In part 1 of this series, we talked about the proper way to write NCLEX-style exam answers and distractors.
Now let’s review things to avoid when writing distractors.
Distractors for multiple choice questions should NOT:
- Include absolutes – words such as “never”, “none” or always
- Be too similar or too different.
- Use scientific-sounding jargon in wrong answers.
- Cause any ambiguity, hesitation or misunderstanding with either the topic or the question — only causing the student distress and confusion.
- Be written as a negative distractors. It is easier for a students to identify a correct answer rather than an incorrect answer
- Use humor, trivia or nonsensical distractors when developing options
- Make up diseases or medications. Always use real diseases, medications and, plausible situations.
- Use “All of the above” and “None of the above”. This allows students to more easily guess the correct answer.
- Combine right and wrong in the same distractor. This reduces the number of options the student has to consider.
- Be written using “hinging” responses or distracts. These are questions that require a student to know the answer to one item in order to answer another item.
- Contain distractors that with clues that students who are good test takers can spot.
- Contain poor grammar or uses faulty grammatical construction.
- Have “an” in the stem. This clues the student that the answer will start with a vowel sound such as an ileus, an isolated problem, etc. There are some exceptions for when to use “an”. Be sure to clearly understand these grammar rules.
- Include grammatical hints such as ‘are’ or ‘is’, which suggests plural or singular answers.
- Repeat the same word or phrase in the distractors as those are also considered hints.
- Copy phrases directly from reference materials — books, lecture..
Considerations while writing distractors:
- Distractors should be homogeneous or parallel. They should have the same format and same structure.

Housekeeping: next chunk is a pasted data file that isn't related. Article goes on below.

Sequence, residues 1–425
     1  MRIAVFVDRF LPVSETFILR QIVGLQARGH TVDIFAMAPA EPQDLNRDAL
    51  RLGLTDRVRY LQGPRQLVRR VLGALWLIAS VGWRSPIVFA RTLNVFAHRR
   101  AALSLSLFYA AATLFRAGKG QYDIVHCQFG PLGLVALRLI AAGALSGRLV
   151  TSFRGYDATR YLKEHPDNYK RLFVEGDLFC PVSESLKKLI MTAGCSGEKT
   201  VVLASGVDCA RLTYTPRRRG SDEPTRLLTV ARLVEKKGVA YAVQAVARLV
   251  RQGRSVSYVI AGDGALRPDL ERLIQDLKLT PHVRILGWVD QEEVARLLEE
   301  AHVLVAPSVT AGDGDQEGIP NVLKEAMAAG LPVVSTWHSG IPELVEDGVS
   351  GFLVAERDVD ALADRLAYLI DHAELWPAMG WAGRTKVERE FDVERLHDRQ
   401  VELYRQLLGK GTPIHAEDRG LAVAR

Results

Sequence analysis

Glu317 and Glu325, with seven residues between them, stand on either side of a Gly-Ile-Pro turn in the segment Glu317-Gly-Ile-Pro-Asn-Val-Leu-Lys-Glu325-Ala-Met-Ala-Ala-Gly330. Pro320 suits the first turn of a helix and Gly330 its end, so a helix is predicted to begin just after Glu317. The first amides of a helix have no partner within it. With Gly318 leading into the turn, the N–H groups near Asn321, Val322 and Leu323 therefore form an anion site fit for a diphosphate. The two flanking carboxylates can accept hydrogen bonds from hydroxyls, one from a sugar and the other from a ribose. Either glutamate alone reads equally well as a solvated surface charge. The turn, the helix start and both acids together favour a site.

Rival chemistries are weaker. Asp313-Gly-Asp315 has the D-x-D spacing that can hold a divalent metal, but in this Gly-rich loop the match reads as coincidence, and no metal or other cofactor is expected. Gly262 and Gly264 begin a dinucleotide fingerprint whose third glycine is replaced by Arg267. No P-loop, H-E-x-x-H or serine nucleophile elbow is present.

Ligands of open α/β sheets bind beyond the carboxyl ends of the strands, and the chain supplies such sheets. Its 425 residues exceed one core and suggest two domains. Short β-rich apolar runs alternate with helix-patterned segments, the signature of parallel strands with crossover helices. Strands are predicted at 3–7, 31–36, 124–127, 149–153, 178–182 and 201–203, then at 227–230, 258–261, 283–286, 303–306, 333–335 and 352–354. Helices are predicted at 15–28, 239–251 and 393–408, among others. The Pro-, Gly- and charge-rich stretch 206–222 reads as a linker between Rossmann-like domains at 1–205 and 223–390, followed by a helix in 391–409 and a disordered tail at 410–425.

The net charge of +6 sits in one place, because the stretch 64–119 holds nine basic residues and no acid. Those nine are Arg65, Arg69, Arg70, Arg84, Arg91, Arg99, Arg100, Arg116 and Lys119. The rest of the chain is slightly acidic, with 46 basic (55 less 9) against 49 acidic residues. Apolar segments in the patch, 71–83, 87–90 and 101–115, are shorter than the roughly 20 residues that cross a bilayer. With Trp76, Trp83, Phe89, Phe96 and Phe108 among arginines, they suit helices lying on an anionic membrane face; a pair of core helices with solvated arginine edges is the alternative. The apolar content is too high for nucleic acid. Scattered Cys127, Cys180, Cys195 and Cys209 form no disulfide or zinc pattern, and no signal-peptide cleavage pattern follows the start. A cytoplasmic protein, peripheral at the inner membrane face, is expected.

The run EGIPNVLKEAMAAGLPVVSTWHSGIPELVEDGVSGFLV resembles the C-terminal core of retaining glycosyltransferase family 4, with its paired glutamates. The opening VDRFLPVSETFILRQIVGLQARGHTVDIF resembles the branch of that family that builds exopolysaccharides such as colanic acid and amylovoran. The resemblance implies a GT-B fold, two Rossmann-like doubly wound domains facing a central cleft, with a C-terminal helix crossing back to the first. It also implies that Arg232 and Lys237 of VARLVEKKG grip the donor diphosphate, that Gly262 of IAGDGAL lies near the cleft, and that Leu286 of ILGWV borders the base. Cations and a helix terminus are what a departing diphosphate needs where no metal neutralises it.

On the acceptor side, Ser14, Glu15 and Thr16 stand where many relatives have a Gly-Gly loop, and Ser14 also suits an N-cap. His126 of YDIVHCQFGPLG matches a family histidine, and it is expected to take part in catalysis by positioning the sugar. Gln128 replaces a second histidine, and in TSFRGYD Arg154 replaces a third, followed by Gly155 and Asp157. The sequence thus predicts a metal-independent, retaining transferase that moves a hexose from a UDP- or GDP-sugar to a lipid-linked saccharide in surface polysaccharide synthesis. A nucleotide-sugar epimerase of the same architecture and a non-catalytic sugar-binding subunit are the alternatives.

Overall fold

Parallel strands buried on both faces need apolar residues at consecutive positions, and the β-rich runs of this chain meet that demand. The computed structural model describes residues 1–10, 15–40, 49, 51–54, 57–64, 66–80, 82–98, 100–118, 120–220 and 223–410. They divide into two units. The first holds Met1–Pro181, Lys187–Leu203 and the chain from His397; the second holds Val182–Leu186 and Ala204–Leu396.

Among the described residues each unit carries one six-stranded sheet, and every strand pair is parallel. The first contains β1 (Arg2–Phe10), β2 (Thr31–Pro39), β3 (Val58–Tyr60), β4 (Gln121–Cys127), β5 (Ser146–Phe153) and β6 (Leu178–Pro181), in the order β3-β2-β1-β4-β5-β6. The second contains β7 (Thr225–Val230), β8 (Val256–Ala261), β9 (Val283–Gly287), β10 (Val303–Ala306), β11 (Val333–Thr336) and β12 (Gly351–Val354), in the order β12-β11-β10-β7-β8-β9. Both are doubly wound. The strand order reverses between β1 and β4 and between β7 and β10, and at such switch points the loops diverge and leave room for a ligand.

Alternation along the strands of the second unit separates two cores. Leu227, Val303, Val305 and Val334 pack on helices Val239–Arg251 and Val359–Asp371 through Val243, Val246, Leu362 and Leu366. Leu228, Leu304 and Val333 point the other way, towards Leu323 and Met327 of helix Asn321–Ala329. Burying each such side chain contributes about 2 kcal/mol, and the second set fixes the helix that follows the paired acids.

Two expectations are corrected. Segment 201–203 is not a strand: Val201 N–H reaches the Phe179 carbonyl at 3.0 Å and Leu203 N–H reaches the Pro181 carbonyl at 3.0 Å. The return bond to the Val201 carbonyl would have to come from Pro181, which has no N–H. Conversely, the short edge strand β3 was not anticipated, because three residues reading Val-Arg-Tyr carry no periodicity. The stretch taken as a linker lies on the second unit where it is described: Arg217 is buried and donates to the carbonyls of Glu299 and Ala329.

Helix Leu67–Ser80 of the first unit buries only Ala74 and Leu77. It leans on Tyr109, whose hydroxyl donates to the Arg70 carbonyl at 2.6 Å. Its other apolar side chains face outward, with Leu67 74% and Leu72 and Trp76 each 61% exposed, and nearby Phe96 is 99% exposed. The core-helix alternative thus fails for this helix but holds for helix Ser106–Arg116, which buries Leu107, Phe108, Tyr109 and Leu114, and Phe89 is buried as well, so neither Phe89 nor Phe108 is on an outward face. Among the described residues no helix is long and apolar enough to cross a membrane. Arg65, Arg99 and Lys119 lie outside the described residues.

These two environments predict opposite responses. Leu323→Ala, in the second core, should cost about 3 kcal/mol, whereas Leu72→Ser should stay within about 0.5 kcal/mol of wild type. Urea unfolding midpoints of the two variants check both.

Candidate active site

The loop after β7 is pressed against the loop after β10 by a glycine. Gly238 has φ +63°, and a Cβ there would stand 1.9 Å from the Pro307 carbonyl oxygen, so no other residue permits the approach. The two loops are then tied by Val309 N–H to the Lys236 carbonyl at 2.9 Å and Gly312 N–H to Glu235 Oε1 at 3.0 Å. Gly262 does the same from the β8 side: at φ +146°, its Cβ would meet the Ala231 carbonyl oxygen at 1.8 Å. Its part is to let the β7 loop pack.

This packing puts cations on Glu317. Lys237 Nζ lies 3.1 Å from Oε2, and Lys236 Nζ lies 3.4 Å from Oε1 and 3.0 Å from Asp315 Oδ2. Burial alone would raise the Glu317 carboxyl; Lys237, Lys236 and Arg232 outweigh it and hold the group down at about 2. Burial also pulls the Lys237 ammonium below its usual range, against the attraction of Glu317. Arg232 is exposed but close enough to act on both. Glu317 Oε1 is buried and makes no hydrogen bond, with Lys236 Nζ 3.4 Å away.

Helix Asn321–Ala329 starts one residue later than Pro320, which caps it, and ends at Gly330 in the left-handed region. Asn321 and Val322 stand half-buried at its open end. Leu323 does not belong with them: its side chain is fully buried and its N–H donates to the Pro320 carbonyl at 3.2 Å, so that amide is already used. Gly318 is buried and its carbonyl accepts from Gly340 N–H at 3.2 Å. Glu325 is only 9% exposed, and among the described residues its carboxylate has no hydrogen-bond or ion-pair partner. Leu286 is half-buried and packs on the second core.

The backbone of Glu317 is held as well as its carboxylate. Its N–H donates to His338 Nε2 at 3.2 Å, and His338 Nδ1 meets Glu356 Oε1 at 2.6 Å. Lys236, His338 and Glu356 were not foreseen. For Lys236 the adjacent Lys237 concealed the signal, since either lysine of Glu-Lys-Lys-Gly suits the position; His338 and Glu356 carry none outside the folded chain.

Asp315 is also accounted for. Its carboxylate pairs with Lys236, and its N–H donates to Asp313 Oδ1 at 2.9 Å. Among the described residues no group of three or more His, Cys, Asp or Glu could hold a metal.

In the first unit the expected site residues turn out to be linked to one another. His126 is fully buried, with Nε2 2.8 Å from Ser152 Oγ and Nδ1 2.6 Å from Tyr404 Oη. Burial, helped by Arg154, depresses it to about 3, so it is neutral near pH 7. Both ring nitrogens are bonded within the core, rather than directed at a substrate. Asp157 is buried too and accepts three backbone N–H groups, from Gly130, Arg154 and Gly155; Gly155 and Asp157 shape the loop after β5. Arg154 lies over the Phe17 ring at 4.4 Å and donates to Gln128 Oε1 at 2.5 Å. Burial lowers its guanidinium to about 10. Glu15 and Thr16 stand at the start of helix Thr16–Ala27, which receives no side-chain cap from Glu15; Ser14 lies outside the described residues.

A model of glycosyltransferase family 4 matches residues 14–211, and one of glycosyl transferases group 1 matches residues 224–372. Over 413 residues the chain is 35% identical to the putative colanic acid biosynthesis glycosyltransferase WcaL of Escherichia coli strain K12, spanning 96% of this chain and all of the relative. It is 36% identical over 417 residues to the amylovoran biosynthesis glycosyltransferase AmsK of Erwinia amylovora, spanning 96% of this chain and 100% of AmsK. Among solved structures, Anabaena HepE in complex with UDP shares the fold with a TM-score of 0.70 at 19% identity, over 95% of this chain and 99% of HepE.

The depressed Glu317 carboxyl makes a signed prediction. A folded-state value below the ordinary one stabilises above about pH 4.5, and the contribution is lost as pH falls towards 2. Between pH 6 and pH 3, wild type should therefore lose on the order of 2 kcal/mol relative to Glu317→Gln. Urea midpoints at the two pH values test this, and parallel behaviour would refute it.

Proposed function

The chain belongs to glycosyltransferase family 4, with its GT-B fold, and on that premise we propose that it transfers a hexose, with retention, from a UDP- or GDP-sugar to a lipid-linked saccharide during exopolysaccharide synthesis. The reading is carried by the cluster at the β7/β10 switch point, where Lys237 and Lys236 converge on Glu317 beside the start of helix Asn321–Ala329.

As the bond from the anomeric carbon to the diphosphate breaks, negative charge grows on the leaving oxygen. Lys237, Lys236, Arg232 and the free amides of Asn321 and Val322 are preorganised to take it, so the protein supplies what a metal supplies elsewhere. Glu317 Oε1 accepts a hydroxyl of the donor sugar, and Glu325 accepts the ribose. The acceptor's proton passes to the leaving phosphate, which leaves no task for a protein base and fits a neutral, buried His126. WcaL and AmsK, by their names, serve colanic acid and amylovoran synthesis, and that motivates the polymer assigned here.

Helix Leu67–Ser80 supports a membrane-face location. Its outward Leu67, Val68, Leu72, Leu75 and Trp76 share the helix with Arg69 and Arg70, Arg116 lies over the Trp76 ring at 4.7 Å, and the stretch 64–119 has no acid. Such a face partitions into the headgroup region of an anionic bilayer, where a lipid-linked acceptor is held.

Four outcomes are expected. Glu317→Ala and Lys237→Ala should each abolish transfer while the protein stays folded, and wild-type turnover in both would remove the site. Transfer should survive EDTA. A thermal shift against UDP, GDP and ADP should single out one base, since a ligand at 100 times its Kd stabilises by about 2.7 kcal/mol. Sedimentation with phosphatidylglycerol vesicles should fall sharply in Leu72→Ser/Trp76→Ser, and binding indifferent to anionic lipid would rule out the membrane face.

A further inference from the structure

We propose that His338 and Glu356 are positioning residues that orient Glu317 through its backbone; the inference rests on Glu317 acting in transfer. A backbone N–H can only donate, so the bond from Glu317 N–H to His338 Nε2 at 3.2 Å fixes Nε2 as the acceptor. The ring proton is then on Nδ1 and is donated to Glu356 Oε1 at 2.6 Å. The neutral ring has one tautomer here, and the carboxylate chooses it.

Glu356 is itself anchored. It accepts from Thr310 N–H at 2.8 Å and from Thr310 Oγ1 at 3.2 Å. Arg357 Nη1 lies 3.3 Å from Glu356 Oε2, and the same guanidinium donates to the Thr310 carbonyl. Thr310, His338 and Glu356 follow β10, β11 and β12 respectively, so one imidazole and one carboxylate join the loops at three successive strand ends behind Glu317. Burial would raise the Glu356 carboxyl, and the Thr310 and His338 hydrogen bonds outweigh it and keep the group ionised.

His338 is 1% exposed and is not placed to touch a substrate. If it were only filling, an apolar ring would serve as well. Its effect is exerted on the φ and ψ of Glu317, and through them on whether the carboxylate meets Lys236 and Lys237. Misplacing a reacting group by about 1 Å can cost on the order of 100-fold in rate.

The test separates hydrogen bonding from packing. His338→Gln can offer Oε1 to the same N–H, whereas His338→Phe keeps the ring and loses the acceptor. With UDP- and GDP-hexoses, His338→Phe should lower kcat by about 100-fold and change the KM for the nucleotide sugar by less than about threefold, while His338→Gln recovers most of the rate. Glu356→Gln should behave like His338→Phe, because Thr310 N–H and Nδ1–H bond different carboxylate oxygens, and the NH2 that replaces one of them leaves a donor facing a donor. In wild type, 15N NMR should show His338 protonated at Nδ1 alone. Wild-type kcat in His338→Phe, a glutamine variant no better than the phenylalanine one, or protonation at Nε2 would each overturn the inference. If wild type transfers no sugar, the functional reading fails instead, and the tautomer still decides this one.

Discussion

- Avoid convergence. The appearance of similar topics in the distractors can give the test taker clues to the correct answer. This occurs when part of the correct answer appears in the distractors frequently. The National Board of Medical Examiners states, “The underlying flaw is that the correct answer is the option that has the most in common with the other options, and thus the test wise student can converge on the right answer just by counting the number of times certain terms appear.”
- Use students’ misconceptions, homework mistakes or missed quiz questions as inspiration when writing distractors. What do students often get wrong in interprating this question? What is a common misconception in this topic?
- Double check that the stem doesn’t contain hints that will give away the answer.
- Write the answer and distractor at the same cognitive level. Avoid the distractors that are at a lower cognitive level if the answer is at the higher cognitive level.
- To create plausible distractors, locate the correct answer in the reference material. Then select similar conditions or nursing measures and modify it slightly to make distractors plausible.
- Use true statements that don’t answer the question, but seem reasonable.
- Indent the distractors and answer.
- Avoid complex combinations such as:
a. a and b
b. c and d
c. a and c
d. b and c
- Avoid overlapping lengths of time. For example,
a. 1-2 years
b. 2-3 years
- If the answer is a group of items, make sure to include items from the list in other distractors too so that the test-taker does not guess correctly by recognizing only one of the items in the list.
- The key should blend in among the other options. If the answer has three parts, then all of the options should have three parts. Similarly, if one of the options is listed as a question, be sure all of the options are listed as questions.
- Reducing items from four options to three options decreases item difficulty, increases item discrimination, and also increases reliability.
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